Submitted to: Journal of Dairy Science
Publication Type: Abstract Only
Publication Acceptance Date: April 15, 2002
Publication Date: May 1, 2002
Citation: VAN TASSELL, C.P., WIGGANS, G.R., PHILPOT, J.C., MISZTAL, I. IMPROVEMENTS IN DYSTOCIA NATIONAL GENETIC EVALUATION SYSTEM AND DATA PROCESSING. JOURNAL OF DAIRY SCIENCE. vol. 85 (Suppl. 1), pp. 33.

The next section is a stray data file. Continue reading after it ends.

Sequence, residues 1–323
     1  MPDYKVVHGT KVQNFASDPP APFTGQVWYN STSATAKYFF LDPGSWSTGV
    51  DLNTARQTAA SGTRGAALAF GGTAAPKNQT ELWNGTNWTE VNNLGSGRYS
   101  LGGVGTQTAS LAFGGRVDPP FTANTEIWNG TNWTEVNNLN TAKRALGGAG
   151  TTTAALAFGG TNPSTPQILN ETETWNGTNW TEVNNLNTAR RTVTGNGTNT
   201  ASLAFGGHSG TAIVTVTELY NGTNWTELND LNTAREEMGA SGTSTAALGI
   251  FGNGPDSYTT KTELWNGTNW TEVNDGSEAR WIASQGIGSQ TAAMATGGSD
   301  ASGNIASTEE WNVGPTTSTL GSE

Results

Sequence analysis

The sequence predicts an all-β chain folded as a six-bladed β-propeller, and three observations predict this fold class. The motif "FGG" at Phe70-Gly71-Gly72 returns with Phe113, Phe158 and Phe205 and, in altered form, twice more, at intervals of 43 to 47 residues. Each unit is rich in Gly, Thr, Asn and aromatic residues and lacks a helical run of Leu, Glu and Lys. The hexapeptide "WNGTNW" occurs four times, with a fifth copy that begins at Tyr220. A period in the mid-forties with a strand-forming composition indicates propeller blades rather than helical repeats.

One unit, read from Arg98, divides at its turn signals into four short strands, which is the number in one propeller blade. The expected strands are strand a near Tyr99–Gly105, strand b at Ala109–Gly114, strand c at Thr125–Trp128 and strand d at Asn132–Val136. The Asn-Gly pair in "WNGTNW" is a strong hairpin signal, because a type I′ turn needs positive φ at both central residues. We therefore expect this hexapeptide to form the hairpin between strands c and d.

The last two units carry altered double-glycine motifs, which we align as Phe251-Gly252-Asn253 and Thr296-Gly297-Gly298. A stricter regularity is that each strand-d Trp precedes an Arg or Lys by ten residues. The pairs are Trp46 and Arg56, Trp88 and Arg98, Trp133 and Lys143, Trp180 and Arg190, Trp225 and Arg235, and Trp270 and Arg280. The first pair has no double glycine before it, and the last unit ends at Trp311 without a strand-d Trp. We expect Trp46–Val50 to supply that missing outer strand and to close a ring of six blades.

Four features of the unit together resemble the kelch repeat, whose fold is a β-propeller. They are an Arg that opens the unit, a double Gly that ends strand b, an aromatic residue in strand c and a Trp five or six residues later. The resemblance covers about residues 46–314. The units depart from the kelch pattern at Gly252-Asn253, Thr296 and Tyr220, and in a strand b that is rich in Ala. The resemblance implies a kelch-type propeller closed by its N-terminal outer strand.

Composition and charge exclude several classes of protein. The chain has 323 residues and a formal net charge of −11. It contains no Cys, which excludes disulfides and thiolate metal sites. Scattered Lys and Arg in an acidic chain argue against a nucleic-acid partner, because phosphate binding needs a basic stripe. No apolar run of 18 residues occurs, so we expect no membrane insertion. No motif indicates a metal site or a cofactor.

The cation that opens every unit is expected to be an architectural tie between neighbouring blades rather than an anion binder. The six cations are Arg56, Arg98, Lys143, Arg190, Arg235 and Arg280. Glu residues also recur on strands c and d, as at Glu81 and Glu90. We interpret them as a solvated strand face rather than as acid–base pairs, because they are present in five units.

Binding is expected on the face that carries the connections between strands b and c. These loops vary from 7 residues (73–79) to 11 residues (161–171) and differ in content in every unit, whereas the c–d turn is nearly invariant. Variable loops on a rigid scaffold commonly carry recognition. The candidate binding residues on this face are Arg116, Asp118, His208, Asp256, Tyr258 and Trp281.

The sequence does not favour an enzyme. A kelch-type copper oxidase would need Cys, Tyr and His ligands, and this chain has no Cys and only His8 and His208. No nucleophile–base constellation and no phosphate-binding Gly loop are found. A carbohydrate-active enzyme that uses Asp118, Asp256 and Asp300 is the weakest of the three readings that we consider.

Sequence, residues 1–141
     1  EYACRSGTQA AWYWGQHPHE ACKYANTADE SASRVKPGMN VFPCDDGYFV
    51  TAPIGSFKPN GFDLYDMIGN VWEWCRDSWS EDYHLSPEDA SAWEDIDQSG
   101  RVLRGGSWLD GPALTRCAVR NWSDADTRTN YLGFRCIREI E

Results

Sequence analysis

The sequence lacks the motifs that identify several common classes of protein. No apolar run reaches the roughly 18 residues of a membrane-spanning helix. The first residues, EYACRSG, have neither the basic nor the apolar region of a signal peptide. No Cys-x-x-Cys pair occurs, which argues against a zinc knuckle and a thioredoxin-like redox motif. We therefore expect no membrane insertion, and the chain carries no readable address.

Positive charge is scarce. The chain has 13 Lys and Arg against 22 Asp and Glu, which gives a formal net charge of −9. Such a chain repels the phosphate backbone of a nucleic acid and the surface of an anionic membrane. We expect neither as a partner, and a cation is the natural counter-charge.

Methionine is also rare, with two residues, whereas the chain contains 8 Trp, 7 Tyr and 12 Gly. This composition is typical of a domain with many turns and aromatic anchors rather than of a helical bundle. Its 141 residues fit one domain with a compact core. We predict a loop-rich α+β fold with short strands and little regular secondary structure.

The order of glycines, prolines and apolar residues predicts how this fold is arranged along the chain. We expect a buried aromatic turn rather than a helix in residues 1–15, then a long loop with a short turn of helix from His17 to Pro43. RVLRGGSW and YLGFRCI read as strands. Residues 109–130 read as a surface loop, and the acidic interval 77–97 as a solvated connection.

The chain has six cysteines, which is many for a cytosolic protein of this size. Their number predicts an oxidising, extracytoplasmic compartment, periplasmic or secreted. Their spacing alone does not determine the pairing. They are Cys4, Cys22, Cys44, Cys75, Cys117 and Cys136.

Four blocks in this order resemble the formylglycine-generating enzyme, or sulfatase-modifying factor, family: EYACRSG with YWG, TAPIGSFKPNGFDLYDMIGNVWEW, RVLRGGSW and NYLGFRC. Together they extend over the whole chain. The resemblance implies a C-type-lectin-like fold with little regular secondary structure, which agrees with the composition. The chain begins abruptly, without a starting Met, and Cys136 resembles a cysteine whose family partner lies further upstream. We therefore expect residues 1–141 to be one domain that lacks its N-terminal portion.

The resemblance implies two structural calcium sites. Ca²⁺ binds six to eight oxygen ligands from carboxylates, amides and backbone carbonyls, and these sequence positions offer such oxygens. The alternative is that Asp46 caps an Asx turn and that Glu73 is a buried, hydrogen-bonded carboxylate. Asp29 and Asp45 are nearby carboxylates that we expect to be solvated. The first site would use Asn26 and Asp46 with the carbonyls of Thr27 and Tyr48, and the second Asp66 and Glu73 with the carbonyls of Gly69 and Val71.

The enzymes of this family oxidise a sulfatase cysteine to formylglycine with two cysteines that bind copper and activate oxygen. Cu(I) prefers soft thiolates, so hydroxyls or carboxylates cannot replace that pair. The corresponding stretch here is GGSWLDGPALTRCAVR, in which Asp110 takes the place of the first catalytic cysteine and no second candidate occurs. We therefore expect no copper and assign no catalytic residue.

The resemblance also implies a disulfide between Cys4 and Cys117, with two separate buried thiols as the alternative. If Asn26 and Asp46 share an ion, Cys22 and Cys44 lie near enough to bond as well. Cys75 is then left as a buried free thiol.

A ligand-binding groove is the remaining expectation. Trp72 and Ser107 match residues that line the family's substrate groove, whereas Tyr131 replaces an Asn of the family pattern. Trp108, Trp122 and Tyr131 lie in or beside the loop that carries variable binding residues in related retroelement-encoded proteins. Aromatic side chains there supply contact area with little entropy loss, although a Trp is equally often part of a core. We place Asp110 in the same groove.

The Animal Improvements Programs Laboratory (AIPL) of USDA assumed responsibility for conducting the national genetic evaluation for dystocia and maintaining the associated database in 1999. Current evaluations use a sire model. Adding a maternal grandsire (MGS) effect to the model is expected to improve accuracy by partially accounting for merit of mates and differences in maternal ability of the dams. Dystocia data were migrated to a relational database integrated with the AIPL production database. This database design was implemented to allow more rigorous data edits by comparing with the production data and to improve MGS identification (ID) rate by utilizing pedigree records from production records with dam ID sufficiently unique to match production pedigrees. Improvements in MGS ID rate are important for implementation of a sire-MGS model. Processing information for 8,861,363 records is available: 568,396 were duplicates or updates of existing records; 33,378 records were rejected; and, the remaining 8,259,589 records (>93%) were accepted. MGS ID increased from 57.2% to 73.1% by integrating the dystocia and production data. Sire and sire-MGS models were compared using data from the August 2001 national genetic evaluation. This data included over 5 million birth score records after requiring sire and MGS ID, dam and sire breed of Holstein or Red and White, single birth, and birth 1980 or later. The sire model included herd-year, year-season, sex of calf, parity of dam, birth year group of sire, and sire. MGS and birth year group of MGS were added to the sire-MGS model. Herd-year, sire and MGS were random effects. Variance for herd-year was set to 10% of residual variance, residual variance was set to 1, heritability to .16, maternal variance to 40% of the direct genetic variance, and correlation between direct and maternal to -.3. Correlation between sire solution from the two models was .93. For the sire-MGS model, the range of solutions for sire effects was 1.36 and for MGS solutions the range was .42. Integration of dystocia data with production data resulted in substantial increase in MGS ID rate. A sire-MGS model is feasible for the dystocia data set and provides similar sire evaluations to a sire model.